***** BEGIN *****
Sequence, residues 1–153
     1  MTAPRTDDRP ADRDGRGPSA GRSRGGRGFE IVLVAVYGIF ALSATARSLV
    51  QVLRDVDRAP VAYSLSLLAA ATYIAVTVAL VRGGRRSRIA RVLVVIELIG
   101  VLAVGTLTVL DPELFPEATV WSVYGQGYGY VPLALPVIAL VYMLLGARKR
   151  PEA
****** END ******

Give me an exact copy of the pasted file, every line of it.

Sequence, residues 1–153
     1  MTAPRTDDRP ADRDGRGPSA GRSRGGRGFE IVLVAVYGIF ALSATARSLV
    51  QVLRDVDRAP VAYSLSLLAA ATYIAVTVAL VRGGRRSRIA RVLVVIELIG
   101  VLAVGTLTVL DPELFPEATV WSVYGQGYGY VPLALPVIAL VYMLLGARKR
   151  PEA